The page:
A look at what the European newspapers are reporting, including the worrying news of Lionel Messi’s injury setback and Robert Lewandowski’s record-breaking goalscoring feat.
Making the headlines on Sunday in Spain was Lionel Messi’s injury, his worst for eight years, which was picked up in Barcelona’s 2-1 win at home to Las Palmas which keeps them second behind surprise leaders Villarreal.
AS carried Barcelona’s confirmation that the player has “a tear to the collateral internal ligament in his left knee”. Messi received a sympathetic response, though by Monday the Madrid-based media were trying to work out whether he’ll be back for the first El Clasico on November 21st and pointing out that Barça have to play Sevilla away and leaders Villarreal the week before they meet Madrid. With no Pedro, Marca write about the ‘Puzzle for Luis Enrique without Messi’. Sandro and Munir are expected to step up.
El Pais reports that Barca win 70% of games with Messi and 62.5% without him. They also average 2.5 goals with Messi and 2.1 without. Messi won’t be around to score, but then few are scoring in Spain. The race for the Pichichi top goalscorers’ award has yielded the lowest goals total since 2011. Karim Benzema, Cristiano Ronaldo and Celta’s Nolito head the table with five goals each. Ronaldo’s ‘drought’ makes the front page of Monday’s Marca under the heading ‘The Strange Case of Cristiano’. He’s scored five in six league games – but they all came in one game at Espanyol. The article reveals that he had 13 shots on goal in Saturday’s 0-0 draw with Malaga.
Only two points separate the top four in Spain, with Celta Vigo, who hammered Barça last week, in fourth thanks to a equaliser at Eibar from local hero and Liverpool flop Iago Aspas.
German is a rich and precise language but the Bundesliga’s englische Woche, where teams play three matches in one week, saw the German press almost run out of superlatives as Robert Lewandowski hit 5 goals in 9 minutes as Bayern Munich “swept aside” (Kicker) supposed title-challengers Wolfsburg 5-1. Die Zeit kept it topical, quipping “Bayern striker sends Volkswagen share price tumbling quicker than any emissions test” whilst Süddeutsche Zeitung opted for a meteorological angle with “One-man tornado breaks records!” Others left earthly analogies far behind; Kicker described the striker as “supernatural - a giant by the name of Lewandowski”, whilst Die Welt spoke of “539 seconds to eternity”. 11Freunde thought it must have been a fairytale, asking: “Dad, is Lewandowski real?”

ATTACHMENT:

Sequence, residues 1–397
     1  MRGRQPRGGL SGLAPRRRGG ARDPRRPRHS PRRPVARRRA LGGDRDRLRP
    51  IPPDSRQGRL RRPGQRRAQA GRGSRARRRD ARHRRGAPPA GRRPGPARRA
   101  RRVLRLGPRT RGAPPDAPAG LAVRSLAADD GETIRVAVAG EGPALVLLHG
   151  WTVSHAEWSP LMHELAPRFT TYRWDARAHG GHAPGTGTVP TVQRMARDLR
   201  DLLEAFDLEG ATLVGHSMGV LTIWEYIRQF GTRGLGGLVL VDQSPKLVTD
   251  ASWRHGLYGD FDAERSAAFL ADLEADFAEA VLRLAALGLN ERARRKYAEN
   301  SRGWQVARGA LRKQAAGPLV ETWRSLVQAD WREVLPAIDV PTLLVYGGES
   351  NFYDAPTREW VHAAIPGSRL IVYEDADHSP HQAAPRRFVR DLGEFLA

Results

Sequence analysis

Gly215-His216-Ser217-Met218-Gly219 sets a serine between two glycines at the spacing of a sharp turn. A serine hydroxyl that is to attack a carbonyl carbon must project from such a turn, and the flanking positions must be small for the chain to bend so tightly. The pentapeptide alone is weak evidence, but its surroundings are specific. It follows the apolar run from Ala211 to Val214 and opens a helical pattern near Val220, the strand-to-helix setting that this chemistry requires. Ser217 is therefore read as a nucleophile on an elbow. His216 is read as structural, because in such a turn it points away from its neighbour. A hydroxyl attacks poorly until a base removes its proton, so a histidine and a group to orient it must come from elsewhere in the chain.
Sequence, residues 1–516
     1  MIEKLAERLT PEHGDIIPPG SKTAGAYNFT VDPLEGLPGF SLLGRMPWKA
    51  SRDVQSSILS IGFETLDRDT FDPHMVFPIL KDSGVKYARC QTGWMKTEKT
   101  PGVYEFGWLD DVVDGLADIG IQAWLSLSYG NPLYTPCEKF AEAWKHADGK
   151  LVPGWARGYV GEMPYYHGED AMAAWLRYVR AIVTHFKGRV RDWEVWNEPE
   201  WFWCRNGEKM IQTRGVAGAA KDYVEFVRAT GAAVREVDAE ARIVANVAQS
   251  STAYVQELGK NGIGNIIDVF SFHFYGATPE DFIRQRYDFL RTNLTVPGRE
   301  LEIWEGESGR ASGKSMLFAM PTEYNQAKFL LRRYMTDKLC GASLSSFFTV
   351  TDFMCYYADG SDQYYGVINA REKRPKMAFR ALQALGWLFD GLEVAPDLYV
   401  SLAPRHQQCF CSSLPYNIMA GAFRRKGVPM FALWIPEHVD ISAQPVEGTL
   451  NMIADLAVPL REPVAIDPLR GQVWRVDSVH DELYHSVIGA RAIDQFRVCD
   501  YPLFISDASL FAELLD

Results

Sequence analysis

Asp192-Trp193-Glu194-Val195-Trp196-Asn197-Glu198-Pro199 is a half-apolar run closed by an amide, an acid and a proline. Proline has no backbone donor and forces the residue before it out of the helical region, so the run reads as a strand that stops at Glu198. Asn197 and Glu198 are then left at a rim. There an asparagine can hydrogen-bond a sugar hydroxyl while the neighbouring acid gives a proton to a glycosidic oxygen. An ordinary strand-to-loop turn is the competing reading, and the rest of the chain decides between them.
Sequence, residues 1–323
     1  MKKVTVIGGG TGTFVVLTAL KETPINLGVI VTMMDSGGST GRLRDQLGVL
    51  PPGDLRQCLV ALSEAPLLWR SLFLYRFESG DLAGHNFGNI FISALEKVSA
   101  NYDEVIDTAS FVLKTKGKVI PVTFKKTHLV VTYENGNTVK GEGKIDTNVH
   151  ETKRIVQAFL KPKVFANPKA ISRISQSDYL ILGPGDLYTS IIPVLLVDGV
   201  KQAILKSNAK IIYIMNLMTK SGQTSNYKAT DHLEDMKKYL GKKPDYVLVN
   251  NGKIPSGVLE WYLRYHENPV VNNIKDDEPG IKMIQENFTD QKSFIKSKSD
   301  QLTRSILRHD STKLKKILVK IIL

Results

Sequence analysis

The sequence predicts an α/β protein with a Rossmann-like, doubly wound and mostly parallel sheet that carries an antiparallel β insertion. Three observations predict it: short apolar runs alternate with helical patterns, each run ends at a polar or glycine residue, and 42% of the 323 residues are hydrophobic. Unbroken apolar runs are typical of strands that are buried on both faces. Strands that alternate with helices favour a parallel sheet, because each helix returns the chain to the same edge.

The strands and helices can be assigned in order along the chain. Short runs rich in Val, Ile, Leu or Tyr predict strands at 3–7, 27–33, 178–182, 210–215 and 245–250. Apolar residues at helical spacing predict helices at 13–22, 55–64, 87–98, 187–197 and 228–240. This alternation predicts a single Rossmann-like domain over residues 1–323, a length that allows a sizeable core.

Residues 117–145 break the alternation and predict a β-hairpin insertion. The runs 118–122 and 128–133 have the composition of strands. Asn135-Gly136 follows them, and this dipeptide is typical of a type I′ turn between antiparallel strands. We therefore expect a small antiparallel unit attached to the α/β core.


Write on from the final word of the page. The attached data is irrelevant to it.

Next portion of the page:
The win put Bayern clear at the top as Borussia Dortmund lost their 100% record in a 1-1 draw away at Hoffenheim, in a game boycotted by Dortmund’s ultras due to €55 tickets. “Nobody wants to hear any Bayern comparisons at BVB”, remarked Spiegel Online. The Bavarians pulled further ahead on Saturday with a comfortable 3-0 win away at Mainz, although BILD joked of a crisis as Lewandowski only managed 2 goals in 12 minutes. Dortmund, meanwhile, fell even further behind with a 2-2 draw at home to minnows Darmstadt who, as the Rheinische Post pointed out, are not in this season’s Bundesliga “just to swap shirts”.
Three days after Lucien Favre’s resignation, Sportschau reported on a “resurrection” as Borussia Mönchengladbach finally won in the league, Spiegel describing a “rush of liberation” as the managerless Foals surged to a 4-2 victory over Augsburg on Wednesday. Their form continued with a 3-1 win away at struggling Stuttgart on Saturday. “Gladbach fire themselves into Champions League mood”, said Die Welt ahead of Wednesday’s visit of Manchester City, whose own recent fortunes contrast sharply with the Germans’ recent upturn.
“Angriff auf Europa!” – Assault on Europe! – screamed the Frankfurter Allgemeine Zeitung on Sunday ahead of this week’s Champions League ties, referring not only to the Manchester clubs’ meetings with Gladbach and Wolfsburg, but also to a more general fear in Germany that English teams are preparing to “buy Europe dry”, boosted by the new Premier League TV contract.
Bayer Leverkusen meanwhile “whetted the appetite” ahead of their trip to Barcelona with a 3-0 defeat of Werder Bremen (Lausitzer Rundschau) who have endured a “zero points horror week” (BILD) with three straight defeats.
In France, Bordeaux bounced back from their midweek 6-1 thrashing at the hands of Nice by beating a “sombre” (Le Progrès) Lyon side who were without striker Alexandre Lacazette and who, according to Le Monde, seemed to have their minds on Tuesday’s visit of Valencia. “Monaco don’t half make life complicated for themselves”, said L’Équipe after the Monégasques three times surrendered a lead to draw 3-3 with Guingamp in a “match spectaculaire” (TF1) in Brittany.
Angers pulled off a “masterstroke” (TF1) by beating Marseille in the Stade Véldrome for the first time since the 1978-79 season. The Phocéens’ produced a fittingly lacklustre performance in front of “hollow, empty stands” (Le Progrès) – a punishment following crowd trouble which caused last week’s tense clash with Lyon to be suspended for 20 minutes. Marseille travel to the capital next Sunday to face PSG who, after an “utterly apathetic” first-half display (Le Monde), eventually thrashed Nantes 4-1 with goals from Ibrahimovic, Cavani, Di Maria and Serge Aurier.
In Italy, Fiorentina’s rise to the top of Serie A for the first time in 16 years makes the front page of La Gazzetta dello Sport. La Viola stunned leaders Inter Milan, who had a 100% record, with a 4-1 win in San Siro. Croatian Nikola Kalinic, once of Blackburn Rovers, scored a hat-trick in the most surprising win of Serie A so far.